No Blocks When Driving the Porcelain Bus
In the wee hours of New Year’s Day, I sat on the tiles of the bathroom floor hugging the toilet as if it were my best friend and let the cold porcelain soothe my pounding head.
I thought about the tidal wave of coloured liquid I had deposited, the result of the evening’s entertainment, and watched horrified as it rose up to meet me when I flushed.
There is nothing worse than getting a block when ‘driving the porcelain bus’ and I wondered what else my porcelain friend had swallowed causing my plumbing problems.
Toilets, sinks and pipes leading from your home to the town’s sewerage system only have a 100mm wide drain which is designed to deal with human waste matter, toilet paper and grey water; everything else that we put down can cause blockages in the pipes that cost time and money to fix and becomes environmental pollution.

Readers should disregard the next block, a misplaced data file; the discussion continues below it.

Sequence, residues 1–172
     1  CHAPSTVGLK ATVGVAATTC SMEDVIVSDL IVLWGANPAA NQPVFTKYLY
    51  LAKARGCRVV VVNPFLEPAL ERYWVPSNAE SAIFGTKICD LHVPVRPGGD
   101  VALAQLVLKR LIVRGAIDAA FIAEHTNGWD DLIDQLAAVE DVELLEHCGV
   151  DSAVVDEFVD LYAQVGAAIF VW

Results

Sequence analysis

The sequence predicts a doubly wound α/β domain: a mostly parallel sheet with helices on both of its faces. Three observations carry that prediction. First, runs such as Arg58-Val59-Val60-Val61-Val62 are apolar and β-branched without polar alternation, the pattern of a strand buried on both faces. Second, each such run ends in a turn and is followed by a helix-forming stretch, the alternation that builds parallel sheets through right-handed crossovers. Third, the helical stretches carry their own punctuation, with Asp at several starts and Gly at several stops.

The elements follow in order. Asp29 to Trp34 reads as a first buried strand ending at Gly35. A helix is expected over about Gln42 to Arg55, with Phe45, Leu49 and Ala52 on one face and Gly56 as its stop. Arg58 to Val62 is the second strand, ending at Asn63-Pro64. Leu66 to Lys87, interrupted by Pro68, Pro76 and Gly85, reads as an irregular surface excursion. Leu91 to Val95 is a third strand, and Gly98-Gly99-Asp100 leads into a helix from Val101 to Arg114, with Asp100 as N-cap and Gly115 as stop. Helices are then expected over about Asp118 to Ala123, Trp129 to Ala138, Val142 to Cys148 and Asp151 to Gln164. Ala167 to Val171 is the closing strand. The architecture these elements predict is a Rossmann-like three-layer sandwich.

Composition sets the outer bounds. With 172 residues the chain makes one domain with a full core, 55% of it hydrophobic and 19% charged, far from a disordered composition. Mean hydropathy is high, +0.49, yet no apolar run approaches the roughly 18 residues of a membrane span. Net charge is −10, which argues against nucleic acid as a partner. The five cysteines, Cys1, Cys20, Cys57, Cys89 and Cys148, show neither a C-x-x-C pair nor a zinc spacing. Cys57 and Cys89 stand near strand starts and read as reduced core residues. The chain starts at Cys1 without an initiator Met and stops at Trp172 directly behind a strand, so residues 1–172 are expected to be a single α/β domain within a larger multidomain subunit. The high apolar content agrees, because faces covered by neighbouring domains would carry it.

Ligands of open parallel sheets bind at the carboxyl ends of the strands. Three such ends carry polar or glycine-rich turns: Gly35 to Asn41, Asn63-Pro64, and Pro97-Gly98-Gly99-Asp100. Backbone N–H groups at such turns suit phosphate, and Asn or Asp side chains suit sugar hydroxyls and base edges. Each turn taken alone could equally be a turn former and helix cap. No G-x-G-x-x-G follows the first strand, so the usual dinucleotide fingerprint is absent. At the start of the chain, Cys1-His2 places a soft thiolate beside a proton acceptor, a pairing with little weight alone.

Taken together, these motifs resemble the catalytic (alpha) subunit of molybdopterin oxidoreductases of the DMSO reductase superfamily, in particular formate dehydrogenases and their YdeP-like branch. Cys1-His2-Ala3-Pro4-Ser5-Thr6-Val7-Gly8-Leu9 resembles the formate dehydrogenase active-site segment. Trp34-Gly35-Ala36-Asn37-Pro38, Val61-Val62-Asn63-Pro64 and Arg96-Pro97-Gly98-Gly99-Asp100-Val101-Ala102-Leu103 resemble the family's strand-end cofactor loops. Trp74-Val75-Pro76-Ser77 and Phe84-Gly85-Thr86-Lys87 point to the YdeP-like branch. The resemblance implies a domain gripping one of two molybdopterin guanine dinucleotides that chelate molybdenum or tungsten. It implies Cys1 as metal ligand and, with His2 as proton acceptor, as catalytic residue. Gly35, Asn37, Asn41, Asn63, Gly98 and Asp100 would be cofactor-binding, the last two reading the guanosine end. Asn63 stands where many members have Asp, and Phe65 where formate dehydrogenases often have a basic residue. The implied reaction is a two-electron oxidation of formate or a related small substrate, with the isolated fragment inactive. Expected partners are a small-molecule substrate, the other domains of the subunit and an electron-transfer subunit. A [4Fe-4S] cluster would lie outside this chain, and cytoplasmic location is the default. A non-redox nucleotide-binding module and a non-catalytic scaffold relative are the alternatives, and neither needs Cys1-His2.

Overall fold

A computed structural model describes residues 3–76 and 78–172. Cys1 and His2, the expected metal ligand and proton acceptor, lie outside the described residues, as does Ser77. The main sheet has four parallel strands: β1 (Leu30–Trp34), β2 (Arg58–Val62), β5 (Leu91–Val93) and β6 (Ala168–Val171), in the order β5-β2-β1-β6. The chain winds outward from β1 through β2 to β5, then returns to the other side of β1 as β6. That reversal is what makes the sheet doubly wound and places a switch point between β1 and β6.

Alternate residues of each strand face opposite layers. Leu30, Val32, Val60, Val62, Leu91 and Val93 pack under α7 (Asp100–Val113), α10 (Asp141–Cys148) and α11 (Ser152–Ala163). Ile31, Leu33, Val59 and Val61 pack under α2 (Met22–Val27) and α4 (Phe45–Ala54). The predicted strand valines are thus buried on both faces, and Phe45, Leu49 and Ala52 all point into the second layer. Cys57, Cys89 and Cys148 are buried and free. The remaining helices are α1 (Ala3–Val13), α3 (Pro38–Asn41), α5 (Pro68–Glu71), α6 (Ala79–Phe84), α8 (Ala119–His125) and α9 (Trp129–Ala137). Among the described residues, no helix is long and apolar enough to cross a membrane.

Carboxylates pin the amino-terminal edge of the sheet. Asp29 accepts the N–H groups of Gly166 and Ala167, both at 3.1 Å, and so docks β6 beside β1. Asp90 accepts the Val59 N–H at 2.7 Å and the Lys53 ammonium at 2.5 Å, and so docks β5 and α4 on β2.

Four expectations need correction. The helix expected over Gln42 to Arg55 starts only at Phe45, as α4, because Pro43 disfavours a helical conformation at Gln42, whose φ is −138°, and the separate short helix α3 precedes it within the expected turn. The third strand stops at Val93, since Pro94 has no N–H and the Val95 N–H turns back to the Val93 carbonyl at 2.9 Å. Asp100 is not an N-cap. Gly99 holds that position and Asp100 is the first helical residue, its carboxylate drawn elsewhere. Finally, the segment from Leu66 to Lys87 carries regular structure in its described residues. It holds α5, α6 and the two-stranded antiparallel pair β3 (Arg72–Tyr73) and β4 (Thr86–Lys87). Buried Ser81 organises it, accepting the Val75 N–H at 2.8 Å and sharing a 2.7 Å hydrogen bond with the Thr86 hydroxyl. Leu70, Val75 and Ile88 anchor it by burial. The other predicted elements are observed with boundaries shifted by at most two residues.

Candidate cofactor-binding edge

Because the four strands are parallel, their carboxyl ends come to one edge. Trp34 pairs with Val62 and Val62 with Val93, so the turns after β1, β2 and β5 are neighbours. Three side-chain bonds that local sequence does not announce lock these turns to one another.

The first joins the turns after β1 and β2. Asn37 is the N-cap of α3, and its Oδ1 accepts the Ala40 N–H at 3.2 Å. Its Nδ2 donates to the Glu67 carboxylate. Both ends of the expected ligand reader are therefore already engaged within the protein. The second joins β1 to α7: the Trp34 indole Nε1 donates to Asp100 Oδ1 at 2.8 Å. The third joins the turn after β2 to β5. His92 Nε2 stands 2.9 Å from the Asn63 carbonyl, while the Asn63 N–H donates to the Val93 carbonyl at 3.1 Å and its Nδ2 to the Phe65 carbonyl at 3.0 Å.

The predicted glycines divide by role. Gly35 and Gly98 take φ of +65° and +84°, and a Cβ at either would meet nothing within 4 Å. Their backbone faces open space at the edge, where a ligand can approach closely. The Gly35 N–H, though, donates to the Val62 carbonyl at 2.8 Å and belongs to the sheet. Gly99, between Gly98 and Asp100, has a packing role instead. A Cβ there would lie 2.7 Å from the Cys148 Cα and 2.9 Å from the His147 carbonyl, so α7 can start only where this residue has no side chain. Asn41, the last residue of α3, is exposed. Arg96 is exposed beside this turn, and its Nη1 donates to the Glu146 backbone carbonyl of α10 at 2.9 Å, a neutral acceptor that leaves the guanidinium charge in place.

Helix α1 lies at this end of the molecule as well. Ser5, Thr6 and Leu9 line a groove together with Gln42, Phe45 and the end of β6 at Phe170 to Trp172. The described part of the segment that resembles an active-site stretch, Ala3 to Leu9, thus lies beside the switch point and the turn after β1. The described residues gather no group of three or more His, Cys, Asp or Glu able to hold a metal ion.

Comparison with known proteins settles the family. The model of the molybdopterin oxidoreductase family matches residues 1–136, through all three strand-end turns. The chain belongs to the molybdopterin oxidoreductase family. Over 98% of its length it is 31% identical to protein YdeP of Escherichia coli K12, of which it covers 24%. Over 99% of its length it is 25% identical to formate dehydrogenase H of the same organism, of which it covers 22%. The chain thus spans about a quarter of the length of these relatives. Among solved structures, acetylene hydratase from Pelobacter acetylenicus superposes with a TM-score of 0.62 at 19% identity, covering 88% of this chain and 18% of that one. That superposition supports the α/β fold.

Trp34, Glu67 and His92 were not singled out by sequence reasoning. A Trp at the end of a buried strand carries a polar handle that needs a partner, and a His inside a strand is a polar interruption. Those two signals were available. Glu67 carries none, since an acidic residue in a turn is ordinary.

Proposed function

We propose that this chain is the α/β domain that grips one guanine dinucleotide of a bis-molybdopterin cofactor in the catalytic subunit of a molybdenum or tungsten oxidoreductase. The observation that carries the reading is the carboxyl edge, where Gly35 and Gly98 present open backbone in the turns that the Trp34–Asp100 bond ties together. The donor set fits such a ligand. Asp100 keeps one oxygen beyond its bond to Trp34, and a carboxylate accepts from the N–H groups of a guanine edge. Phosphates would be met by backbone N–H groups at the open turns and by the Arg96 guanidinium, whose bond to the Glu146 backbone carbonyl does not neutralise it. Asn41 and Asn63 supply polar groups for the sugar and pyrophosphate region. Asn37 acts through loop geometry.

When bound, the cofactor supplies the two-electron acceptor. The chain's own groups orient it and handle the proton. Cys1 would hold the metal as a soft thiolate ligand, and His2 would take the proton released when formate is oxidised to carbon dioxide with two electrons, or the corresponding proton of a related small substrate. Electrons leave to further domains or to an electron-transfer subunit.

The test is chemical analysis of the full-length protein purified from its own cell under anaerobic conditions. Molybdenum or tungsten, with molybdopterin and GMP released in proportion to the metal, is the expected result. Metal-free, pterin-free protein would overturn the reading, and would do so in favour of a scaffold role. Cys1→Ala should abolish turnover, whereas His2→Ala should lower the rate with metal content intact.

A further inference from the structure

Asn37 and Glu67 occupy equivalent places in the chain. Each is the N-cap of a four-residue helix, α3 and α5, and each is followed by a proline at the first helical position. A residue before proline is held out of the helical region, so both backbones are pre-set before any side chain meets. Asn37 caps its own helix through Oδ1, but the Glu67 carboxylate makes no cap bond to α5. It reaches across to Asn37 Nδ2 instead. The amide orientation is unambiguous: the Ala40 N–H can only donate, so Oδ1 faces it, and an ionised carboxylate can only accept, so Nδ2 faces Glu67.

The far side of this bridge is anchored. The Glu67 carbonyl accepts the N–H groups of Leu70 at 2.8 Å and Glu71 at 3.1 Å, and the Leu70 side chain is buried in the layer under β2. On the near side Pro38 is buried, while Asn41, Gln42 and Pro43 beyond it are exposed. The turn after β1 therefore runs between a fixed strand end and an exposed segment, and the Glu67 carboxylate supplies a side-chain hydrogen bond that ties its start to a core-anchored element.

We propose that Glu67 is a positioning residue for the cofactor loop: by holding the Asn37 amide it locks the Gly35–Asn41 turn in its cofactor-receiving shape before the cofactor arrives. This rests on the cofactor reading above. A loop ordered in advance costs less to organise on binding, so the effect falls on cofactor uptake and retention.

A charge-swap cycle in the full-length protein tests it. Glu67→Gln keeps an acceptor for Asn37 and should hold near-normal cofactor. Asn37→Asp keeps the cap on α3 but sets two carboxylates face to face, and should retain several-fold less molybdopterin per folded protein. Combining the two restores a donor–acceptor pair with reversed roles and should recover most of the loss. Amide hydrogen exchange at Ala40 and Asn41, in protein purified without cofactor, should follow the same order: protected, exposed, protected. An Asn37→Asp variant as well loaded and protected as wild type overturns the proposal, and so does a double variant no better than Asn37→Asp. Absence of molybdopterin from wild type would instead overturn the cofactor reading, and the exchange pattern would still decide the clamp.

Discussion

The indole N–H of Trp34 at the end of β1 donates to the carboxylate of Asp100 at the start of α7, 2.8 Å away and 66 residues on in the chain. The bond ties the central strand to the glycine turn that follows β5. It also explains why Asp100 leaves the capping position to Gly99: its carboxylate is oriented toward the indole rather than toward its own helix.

• Grease, oil and fats – cool, congeal and build up on the sides of the pipes like a clogged artery, eventually giving the sewer system a heart attack
• Hair and dental floss – hair and plaque-laden strings clump with the other nasties in the sewer pipes and can create blockages
• Cotton buds, tampons, pads, incontinence wear and nappies – these items are designed to absorb moisture and expand. The expansion makes it difficult for them to pass through sewer pipes and they gather together in the bends causing massive blockages
• Wet wipes – do not degrade as described on the packet, even though they are labelled ‘flushable’. Wet wipes contain synthetic materials such as moisturisers or oils, which do not disintegrate after flushing. They stick to fat, potentially causing sewer system obstructions and, in turn, blockages and pipe damage.
Congealed fats and oils clump to wet wipes and other rubbish that must be removed from the sewers and taken to landfill – where it should have been in the first place.